Simplest Linux firewall rules ever

As newbie in this session..just want to share.

Regardless of what version of Linux you are using and providing you are not using any special type of networking that requires NAT or REDIRECT, you can lock down your system from a firewall perspective in three simple steps.

Default Linux installs have IPTABLES firewall
configurations that looks like this:
Chain INPUT (policy ACCEPT)
target prot opt source destination
Chain FORWARD (policy ACCEPT)
target prot opt source destination
Chain OUTPUT (policy ACCEPT)
target prot opt source destination

This policy allows unrestricted traffic FROM and TO your computer. You can change this with three simple IPTABLES commands that will block all inbound traffic to your computer unless your computer initiated the connection.

Be sure to issue the commands in the order shown or you may lock yourself out of your own session.
iptables -A INPUT -p ALL -i lo -j ACCEPT
iptables -A INPUT -p ALL -m state –state ESTABLISHED,RELATED -j
ACCEPT
iptables -P INPUT DROP

The first line allows all traffic on your loopback interface (127.0.0.1) and this is important for allowing your local system to access your local system on all services. The 2nd line allows all traffic back in that your computer initiated such at HTTP, FTP, SMTP, and DNS based traffic, which is important for all your internet connections. That’s it, now all you have to do is save your changes using iptables-save.

Users that are more paranoid or curious to see what type of traffic is arriving inbound to their system but being blocked can be addressed with this IPTABLES command:
iptables -A INPUT -p ALL -j LOG –log-prefix “Blocked Inbound Traffic “

* Note the space after Traffic in the quotes, this is important so that log entries end up with a space between the “Blocked Inbound Traffic” statement and the entries that IPTABLES will log, rendering
them more readable for the user.

So using the entire configuration, this is what your complete IPTABLES command entry will look like:
iptables -A INPUT -p ALL -i lo -j ACCEPT
iptables -A INPUT -p ALL -m state –state ESTABLISHED,RELATED -j
ACCEPT
iptables -A INPUT -p ALL -j LOG –log-prefix “Blocked Inbound
Traffic “
iptables -P INPUT DROP
Feel free to fine tune the logging by using:
iptables -A INPUT -p TCP -j LOG –log-prefix “Blocked Inbound TCP
Traffic “
and
iptables -A INPUT -p UDP -j LOG –log-prefix “Blocked Inbound UDP
Traffic “

* Special note, using these IPTABLES rules will block and log Broadcast and Multicast traffic. If you are using a single system with a single router or firewall, you will not require Broadcast or Multicast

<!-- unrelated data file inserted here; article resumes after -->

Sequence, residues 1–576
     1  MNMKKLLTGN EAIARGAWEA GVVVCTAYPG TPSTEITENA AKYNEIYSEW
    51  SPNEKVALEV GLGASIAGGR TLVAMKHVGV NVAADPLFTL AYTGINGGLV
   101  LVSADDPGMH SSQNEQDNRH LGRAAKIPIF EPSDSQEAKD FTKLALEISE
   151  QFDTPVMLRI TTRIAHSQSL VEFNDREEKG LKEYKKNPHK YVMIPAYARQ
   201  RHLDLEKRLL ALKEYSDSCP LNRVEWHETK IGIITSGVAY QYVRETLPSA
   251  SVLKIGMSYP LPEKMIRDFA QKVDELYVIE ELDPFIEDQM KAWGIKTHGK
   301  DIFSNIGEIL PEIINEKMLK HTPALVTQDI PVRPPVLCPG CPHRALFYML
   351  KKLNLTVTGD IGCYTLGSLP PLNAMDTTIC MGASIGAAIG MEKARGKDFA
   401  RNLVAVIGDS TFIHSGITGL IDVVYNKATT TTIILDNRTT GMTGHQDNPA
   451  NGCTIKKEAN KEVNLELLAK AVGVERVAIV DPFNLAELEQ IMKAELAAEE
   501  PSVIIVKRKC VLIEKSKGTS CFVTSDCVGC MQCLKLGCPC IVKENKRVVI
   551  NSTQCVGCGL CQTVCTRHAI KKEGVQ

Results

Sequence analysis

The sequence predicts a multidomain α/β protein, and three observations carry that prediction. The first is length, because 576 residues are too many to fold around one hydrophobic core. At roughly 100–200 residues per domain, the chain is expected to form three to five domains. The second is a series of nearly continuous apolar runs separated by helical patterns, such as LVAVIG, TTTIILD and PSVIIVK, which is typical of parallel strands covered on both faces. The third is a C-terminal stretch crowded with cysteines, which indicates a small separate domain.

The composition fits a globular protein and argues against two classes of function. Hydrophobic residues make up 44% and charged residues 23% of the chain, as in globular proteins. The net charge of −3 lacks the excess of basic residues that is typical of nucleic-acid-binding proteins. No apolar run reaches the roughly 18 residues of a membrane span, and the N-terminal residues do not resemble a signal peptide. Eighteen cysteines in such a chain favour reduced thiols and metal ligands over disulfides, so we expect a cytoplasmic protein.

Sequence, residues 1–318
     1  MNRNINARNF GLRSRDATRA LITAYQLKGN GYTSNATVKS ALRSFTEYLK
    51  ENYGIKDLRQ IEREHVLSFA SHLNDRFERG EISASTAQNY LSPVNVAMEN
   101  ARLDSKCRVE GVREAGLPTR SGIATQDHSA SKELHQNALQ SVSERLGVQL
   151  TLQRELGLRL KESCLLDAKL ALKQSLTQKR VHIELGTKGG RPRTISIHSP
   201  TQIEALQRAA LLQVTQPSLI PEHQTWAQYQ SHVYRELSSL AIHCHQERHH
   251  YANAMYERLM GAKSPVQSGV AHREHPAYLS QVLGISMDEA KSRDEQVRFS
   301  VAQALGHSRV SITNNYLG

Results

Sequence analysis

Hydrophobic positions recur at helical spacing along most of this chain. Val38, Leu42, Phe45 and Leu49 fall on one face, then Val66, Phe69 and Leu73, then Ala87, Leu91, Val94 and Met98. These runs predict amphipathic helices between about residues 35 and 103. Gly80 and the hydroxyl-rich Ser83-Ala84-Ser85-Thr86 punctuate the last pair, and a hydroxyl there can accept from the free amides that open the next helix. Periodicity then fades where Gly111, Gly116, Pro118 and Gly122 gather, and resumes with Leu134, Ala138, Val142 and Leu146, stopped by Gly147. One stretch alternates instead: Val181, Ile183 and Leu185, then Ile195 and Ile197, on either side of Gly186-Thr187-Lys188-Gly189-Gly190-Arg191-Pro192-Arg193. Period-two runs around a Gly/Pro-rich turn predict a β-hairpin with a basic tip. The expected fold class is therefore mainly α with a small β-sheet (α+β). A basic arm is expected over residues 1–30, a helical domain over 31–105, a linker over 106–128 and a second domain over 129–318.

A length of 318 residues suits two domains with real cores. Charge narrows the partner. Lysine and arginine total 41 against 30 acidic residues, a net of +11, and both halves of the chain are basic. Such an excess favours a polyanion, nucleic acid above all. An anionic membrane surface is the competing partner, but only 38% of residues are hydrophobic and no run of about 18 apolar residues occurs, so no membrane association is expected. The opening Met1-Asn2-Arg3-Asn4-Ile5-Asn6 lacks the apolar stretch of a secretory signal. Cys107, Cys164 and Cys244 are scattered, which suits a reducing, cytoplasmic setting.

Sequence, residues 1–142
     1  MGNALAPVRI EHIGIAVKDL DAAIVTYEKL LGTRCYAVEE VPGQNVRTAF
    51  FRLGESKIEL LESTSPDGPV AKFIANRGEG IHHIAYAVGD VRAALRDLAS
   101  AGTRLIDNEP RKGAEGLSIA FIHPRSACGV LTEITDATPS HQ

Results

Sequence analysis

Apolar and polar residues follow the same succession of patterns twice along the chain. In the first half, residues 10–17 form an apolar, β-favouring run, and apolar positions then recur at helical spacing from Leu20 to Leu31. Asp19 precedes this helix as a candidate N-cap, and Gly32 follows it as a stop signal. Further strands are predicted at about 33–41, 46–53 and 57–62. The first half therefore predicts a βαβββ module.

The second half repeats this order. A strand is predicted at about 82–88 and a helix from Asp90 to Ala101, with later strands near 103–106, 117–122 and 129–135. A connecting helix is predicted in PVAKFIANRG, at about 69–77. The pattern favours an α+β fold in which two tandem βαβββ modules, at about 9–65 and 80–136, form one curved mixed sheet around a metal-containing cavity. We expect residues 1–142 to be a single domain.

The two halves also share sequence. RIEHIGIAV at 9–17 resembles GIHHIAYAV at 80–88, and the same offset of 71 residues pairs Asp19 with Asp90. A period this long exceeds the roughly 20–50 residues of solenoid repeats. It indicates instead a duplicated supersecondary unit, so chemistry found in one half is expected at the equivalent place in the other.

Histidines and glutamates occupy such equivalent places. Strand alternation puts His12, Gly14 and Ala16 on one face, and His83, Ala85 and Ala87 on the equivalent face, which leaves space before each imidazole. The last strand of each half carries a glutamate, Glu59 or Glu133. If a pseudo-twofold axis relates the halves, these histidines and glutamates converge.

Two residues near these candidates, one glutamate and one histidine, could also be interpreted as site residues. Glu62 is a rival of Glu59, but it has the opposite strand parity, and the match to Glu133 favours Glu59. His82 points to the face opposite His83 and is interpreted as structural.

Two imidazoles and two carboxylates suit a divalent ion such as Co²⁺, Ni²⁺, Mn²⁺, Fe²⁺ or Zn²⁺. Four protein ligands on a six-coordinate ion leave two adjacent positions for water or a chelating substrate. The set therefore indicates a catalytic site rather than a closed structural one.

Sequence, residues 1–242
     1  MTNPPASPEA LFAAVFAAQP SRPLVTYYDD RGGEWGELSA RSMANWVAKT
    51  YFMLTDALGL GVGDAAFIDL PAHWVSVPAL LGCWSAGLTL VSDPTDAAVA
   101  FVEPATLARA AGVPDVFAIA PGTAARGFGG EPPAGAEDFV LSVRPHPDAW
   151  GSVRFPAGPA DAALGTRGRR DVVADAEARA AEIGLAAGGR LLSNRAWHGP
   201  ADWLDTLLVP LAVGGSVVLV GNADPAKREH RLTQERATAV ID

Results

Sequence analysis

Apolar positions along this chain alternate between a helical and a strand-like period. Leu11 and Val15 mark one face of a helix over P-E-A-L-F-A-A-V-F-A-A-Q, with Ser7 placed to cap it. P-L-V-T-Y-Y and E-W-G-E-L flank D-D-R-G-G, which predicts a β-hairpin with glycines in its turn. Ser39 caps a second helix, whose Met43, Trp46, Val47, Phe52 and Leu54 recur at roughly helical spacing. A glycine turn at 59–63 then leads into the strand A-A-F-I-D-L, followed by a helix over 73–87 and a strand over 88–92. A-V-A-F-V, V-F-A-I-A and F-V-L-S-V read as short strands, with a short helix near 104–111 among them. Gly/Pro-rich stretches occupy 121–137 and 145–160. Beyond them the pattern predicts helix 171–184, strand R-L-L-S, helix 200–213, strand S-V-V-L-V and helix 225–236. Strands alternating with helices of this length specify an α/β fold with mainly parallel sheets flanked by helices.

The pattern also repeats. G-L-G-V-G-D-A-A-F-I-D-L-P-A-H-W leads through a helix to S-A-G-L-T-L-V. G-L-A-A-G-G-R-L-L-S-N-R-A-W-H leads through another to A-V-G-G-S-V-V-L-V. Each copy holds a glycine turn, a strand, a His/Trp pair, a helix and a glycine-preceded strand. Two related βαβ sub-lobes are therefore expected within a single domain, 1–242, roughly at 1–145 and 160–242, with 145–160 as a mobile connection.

traffic, unless you have a home network with multiple systems. Providing you are a user with a single computer system and a router or firewall, you can feasibly get away with blocking Broadcast and

Multicast traffic and may wish to implement this IPTABLES ruleset:
iptables -A INPUT -p ALL -i lo -j ACCEPT
iptables -A INPUT -p ALL -m state –state ESTABLISHED,RELATED -j
ACCEPT
iptables -A INPUT -p UDP -i eth1 -d 224.0.0.0/8 -j DROP
iptables -A INPUT -p UDP -i eth1 -d 192.168.1.255 -j DROP
iptables -A INPUT -p TCP -j LOG –log-prefix “Blocked Inbound TCP
Traffic “
iptables -A INPUT -p UDP -j LOG –log-prefix “Blocked Inbound UDP
Traffic “
iptables -P INPUT DROP
iptables-save

* The -i eth1 will vary according to the interface of your system. It
might be eth0, eth1, or maybe even wlan0 so adjust accordingly. The -d pertains to the destination address so in the first line using 224.0.0.0 this pertains to Multicast traffic. The next line using -d pertains to the internal network you might be using.

Assuming your internal IP address is 192.168.1.200 and using a netmask of 255.255.255.0 then your
broadcast address will be 192.168.1.255 so adjust your IPTABLES rules in accordance with your environment. So you ask why use the drops in a chain that already has an implicit drop? The reason why we want to drop Multicast and Broadcast is to have this traffic dropped before the
logging rule for IPTABLES so these events do not end up as syslog entries.

The last part one may have questions about are the “/8″ and “/24″. These are mask entries that can also be expressed at “/8″ = 255.0.0.0 and “/24″ = 255.255.255.0.

==== Cheers =======

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About msetyadi

I am an IT Strategic
This entry was posted in Expertise. Bookmark the permalink.

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